Exhibited at two sites, the UniMARU in Paju and the Jejin Station in Goseong located in Gangwon Province, Shinwook Kim’s imagery works assess the disconnection and the history of Korea as experienced through colonization, war, and division. At the UniMARU in Paju, Kim presents works that trace the absence and disappearance of Korean tigers from the environmental and spatial perspectives, like an ethnographer.
An ongoing research project found that Korean tigers freely roamed around the peninsula for thousands of years, from the far north in Siberia down to the south in Jindo. Their routes, however, have been completely destroyed during the periods of colonialism and war. Kim demonstrates the process of tracking down Korean and international documents as he investigates the political and environmental factors that might have led to the disappearance of the Korean tigers.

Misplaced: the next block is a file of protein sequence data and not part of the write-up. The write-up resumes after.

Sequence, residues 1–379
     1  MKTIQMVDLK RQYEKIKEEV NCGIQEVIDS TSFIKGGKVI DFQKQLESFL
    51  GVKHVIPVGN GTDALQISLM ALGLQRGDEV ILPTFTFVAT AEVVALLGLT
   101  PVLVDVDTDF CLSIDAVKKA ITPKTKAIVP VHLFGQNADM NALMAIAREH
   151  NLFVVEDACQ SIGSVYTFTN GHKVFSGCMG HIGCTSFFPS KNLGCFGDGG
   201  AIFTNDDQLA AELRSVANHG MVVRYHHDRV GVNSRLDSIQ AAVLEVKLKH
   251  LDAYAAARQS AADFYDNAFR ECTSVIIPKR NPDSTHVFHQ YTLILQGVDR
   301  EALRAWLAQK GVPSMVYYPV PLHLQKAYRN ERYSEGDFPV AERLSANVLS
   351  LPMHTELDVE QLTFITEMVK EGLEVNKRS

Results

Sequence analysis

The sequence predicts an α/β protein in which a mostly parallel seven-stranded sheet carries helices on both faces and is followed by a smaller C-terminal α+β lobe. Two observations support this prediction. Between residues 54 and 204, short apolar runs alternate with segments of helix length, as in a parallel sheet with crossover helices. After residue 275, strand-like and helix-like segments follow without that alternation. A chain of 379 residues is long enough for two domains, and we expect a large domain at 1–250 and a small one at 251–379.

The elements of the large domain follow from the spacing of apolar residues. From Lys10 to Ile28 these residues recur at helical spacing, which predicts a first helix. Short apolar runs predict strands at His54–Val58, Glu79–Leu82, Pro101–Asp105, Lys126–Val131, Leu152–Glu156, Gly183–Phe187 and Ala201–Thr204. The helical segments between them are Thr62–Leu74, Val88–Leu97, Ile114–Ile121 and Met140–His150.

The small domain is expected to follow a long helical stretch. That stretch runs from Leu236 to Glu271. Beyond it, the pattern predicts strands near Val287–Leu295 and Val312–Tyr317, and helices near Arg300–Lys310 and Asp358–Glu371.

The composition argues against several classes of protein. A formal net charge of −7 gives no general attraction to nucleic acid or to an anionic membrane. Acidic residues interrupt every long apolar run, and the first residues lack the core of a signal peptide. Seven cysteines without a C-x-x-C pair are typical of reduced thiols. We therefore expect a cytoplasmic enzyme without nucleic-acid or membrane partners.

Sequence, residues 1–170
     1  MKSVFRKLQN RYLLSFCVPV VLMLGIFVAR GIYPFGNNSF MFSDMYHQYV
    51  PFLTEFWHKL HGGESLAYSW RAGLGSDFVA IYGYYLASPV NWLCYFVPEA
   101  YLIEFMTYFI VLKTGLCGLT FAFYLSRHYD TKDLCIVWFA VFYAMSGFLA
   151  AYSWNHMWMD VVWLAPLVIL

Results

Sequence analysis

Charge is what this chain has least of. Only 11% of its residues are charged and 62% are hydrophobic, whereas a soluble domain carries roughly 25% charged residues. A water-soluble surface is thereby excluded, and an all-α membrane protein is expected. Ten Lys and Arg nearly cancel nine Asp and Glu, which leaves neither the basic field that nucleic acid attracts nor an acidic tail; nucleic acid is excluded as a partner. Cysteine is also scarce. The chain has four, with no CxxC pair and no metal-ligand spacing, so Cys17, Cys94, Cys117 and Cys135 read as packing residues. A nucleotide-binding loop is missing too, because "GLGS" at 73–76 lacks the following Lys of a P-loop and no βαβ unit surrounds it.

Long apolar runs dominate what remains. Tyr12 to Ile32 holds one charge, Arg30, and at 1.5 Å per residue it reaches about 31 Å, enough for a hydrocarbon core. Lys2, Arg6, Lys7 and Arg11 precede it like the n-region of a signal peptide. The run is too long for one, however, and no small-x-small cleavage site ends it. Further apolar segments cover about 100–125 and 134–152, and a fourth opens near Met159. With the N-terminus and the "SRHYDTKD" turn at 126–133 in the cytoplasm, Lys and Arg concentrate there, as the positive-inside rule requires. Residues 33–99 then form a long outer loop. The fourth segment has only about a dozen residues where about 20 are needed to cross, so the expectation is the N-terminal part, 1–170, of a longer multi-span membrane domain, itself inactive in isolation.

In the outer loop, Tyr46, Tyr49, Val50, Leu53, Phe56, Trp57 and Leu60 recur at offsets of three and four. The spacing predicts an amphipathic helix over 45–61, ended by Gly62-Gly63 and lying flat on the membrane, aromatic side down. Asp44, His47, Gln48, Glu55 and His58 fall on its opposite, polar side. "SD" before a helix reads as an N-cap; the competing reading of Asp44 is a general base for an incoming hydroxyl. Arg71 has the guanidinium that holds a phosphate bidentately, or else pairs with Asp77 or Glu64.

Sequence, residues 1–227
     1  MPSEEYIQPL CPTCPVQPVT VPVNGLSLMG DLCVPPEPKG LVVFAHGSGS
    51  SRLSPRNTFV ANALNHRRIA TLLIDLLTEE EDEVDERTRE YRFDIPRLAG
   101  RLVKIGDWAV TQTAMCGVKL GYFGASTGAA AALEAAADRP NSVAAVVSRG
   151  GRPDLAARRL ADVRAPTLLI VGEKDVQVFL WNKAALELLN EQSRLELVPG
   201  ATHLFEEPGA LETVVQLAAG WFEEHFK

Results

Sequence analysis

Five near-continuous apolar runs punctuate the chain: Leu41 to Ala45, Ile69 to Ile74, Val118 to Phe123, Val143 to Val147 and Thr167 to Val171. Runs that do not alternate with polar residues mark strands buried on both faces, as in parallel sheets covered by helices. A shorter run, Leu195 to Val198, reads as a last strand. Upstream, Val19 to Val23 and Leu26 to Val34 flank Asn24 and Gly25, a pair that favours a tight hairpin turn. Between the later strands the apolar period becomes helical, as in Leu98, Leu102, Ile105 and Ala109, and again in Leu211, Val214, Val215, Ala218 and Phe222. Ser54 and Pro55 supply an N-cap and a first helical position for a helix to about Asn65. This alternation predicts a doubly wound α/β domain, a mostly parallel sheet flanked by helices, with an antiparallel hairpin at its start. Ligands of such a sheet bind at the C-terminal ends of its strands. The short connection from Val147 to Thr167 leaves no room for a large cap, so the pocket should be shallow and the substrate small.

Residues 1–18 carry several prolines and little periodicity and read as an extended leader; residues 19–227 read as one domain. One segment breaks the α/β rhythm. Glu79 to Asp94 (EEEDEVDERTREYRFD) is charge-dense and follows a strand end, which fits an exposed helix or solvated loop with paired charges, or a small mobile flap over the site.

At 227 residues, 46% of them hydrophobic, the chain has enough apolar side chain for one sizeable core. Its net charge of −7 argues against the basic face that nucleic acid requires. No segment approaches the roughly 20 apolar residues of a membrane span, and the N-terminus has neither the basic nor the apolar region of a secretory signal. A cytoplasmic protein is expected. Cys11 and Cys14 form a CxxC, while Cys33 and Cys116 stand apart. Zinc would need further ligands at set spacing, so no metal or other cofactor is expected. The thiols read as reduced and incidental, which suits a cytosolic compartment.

Branching out from this grand narrative, the artist also presents stories about his family from a personal and microscopic point of view. Kim’s family left Hamgyong-namdo and Pyongan-bukdo (which are now in North Korea) as refugees and dreamt of returning to their hometown for the rest of their lives also describes their failure to return and the broken blood ties of the separated families. Shinwook Kim photographs not only to document and record history, but he also uses photography as a mnemonic medium in the act of remembering so that viewers can continue to recall and restore their memories.